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Tuesday, October 22, 2013

A (Very) Brief History of the Giallo

An American writer wanders the streets of Rome when he witnesses a black-clad figure stab a woman inside an art gallery. Shocked, he rushes to help, only to find himself suddenly trapped by the gallery's enormous glass doors. Powerless, he watches in horror as the woman cries for help as she dies. 
With the approach of Halloween, many of us are spending the coming weeks catching up on horror flicks and Italy certainly has no dearth of films in this genre. The above scene opens Dario Argento's 1970 The Bird With the Crystal Plummage, a classic of the giallo genre.
Giallo is the Italian word for yellow, which was the trademark color of the covers of the pulp crime novels, published by Mondadori, starting in 1929. Following their enormous success, other publishing houses soon got in on the act, publishing their own cheap crime novels, always with the yellow cover. The term giallo soon became synonomous with crime fiction.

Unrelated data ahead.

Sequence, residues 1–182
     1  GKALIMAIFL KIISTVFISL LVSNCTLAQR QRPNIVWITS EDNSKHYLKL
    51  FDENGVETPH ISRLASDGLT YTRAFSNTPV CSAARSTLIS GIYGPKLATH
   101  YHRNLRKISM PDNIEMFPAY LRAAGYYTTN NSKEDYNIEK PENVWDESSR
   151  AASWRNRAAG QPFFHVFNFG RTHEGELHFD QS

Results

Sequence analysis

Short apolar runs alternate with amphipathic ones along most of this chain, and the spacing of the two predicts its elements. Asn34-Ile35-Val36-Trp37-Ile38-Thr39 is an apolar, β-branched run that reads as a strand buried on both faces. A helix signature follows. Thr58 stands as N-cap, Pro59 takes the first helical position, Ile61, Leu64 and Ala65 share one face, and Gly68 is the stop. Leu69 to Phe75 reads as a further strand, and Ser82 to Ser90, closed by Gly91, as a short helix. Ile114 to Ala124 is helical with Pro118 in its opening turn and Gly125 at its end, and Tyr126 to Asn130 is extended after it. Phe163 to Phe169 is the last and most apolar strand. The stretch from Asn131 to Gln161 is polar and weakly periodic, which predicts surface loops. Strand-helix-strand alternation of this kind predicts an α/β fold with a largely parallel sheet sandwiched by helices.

The films that soon emerged from these novels added elements of horror, eroticism, and madness, taking the typical giallo plots and transforming them from straightforward crime stories into psychological thrillers. While the whodunit aspect of the literary tradition was retained, the murders that occur in gialli are often grotesque, usually filmed in artful, even operatic, ways.
If your curiosity is piqued, here is the trailer from legendary director Mario Bava's 1963 film The Girl Who Knew Too Much, which is generally considered the first film of this genre.
Have you seen any giallo films? If so, which ones are your favorite? Tell us in the comments section below!
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